The largest and heaviest organ is the skin, with a surface area of about 25 square feet and a weight of about 6 pounds. The epidermis, the outermost layer of the skin, sheds itself at a rate of about a million cells every 40 minutes. Humans shed about 600,000 particles of skin every hour, about 1.5 pounds a year, and grow all new outer skin cells about every 27 days, almost 1.000 new skins a lifetime. By 70 years of age, an average person will have lost 105 pounds of skin. Floor dust contains 90% dead skin.
The skin is only about as deep as the tip of a ballpoint pen but the sense of touch is more refined than any device ever created. A human can detect the wing of a bee falling on their cheek from a height of one centimeter. There are 45 miles of nerves in the skin of a human being. When we touch something, we send a message to our brain at 125 mph. In one square inch of skin we have nine feet of blood vessels, 600 pain sensors, four yards of nerve fibers, 1300 nerve cells, 9000 nerve endings, 36 heat sensors, 75 pressure sensors, 650 sweat glands, 60,000 pigment cells, 100 sweat glands, 3 million cells, and an average of 32 million bacteria. Your fingernails grow four times as fast as your toenails.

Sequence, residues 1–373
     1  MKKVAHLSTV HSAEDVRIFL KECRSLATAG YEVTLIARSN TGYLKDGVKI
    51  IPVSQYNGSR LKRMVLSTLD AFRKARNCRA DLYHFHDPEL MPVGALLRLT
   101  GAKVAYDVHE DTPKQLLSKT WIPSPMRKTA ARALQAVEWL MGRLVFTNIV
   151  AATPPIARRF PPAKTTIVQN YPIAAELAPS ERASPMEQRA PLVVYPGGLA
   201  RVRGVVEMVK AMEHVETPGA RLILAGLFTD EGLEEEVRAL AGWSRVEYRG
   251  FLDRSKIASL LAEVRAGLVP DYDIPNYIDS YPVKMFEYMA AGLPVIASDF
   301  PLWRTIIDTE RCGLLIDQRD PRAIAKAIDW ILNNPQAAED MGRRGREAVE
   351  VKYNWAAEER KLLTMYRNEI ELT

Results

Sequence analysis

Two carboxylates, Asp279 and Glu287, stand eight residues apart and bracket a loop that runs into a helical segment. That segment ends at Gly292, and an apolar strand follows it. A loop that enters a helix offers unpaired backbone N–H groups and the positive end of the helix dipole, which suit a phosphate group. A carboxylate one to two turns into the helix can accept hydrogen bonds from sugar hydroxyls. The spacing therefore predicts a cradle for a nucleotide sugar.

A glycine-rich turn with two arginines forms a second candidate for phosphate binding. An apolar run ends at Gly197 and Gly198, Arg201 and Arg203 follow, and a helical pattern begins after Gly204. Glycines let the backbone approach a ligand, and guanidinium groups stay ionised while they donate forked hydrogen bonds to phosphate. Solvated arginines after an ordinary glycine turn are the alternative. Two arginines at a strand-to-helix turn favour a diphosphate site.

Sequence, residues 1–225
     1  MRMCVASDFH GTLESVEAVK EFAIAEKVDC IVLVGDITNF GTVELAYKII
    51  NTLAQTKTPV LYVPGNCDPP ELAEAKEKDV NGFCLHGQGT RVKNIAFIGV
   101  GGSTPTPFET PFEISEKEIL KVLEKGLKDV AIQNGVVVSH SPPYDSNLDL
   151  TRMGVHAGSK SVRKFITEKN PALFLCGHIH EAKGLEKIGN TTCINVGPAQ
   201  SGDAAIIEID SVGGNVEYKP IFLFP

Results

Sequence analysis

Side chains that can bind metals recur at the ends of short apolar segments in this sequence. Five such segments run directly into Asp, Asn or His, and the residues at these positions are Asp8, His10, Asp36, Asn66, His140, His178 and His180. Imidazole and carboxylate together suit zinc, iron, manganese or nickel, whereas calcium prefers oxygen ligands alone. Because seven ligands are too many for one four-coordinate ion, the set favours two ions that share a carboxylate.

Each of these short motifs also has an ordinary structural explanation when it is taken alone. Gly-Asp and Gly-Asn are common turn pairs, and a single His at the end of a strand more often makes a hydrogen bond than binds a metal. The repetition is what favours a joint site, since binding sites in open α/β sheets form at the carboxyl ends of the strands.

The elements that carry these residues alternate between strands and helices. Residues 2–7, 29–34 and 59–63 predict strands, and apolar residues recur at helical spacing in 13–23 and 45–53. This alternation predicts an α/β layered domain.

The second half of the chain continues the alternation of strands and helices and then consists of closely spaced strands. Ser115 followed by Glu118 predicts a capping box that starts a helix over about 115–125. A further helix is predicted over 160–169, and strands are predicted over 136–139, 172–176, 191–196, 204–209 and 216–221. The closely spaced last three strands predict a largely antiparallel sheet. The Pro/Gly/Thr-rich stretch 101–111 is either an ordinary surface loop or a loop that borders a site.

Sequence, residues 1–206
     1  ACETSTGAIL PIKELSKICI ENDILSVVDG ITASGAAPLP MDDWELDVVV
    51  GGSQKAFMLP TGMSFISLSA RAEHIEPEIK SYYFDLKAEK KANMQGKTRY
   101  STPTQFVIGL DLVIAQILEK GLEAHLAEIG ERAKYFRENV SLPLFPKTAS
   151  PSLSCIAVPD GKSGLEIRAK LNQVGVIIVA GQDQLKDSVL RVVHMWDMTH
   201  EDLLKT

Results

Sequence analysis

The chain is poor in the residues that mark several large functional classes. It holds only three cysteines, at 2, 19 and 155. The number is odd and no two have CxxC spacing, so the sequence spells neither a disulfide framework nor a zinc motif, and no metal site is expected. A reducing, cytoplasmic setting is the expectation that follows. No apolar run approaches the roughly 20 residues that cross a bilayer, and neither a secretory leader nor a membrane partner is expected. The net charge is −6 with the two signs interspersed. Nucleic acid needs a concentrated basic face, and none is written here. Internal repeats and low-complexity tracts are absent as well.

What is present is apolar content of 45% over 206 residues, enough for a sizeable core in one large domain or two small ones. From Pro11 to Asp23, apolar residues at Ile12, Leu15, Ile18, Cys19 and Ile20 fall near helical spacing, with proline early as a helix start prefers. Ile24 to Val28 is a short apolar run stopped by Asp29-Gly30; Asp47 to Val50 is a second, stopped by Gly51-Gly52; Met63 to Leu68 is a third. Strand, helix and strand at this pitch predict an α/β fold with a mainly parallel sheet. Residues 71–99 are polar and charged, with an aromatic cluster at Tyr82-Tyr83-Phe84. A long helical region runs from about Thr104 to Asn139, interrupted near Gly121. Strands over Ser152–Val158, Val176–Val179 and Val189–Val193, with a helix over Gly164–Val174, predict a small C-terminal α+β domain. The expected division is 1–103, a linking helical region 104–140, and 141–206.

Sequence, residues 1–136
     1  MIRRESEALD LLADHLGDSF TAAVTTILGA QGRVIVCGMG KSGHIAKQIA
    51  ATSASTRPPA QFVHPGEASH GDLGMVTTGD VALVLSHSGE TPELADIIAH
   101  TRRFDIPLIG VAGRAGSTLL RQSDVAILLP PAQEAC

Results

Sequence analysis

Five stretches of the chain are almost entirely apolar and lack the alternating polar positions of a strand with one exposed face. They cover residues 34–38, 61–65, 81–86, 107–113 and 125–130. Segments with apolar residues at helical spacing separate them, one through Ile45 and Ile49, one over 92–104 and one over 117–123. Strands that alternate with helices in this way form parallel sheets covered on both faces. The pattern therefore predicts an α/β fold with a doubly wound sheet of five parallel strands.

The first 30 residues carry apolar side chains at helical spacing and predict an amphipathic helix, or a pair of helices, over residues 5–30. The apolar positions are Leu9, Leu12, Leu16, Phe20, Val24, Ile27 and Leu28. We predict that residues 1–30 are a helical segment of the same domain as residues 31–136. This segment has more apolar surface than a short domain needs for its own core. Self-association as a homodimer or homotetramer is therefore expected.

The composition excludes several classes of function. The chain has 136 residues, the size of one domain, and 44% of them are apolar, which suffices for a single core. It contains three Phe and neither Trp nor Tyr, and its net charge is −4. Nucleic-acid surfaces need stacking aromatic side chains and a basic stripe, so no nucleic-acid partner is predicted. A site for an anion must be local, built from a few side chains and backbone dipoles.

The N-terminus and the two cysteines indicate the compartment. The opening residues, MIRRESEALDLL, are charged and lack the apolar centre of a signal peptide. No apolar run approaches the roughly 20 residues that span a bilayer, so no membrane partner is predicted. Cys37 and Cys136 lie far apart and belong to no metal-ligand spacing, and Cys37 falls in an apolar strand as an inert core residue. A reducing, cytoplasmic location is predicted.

Perspiration is odorless; it is the bacteria on the skin that creates an odor. The skin of the armpits can harbor up to 516,000 bacteria per square inch, while drier areas, such as the forearm, have only about 13,000 bacteria per square inch. There are about 2 million sweat glands in the average human body. The average adult loses 540 calories with every liter of sweat and men sweat about 40% more than women. There are approximately 250,000 sweat glands in your feet and they sweat as much as 8 ounces of moisture per day. You perspire a total of 1.5 pints a day.
The tips of fingers and the soles of feet are covered by a thick, tough layer of skin called the stratum corneum. Identical twins do not have identical fingerprints. No two sets of prints are alike, including those of identical twins. The fingerprints of koala bears are virtually indistinguishable from those of humans, so much so that they could be confused at a crime scene. Humans are the only primates that don’t have pigment in the palms of their hands. A simple, moderately severe sunburn damages the blood vessels to such an extent that it takes four to fifteen months for them to return to their normal condition. First-degree burns affect only the very top layers of the skin; second-degree burns are midway through the skin’s thickness. Third-degree burns penetrate and damage the entire thickness of the skin. Varicose veins are stretched, dilated veins whose valves do not work properly.
· The Bones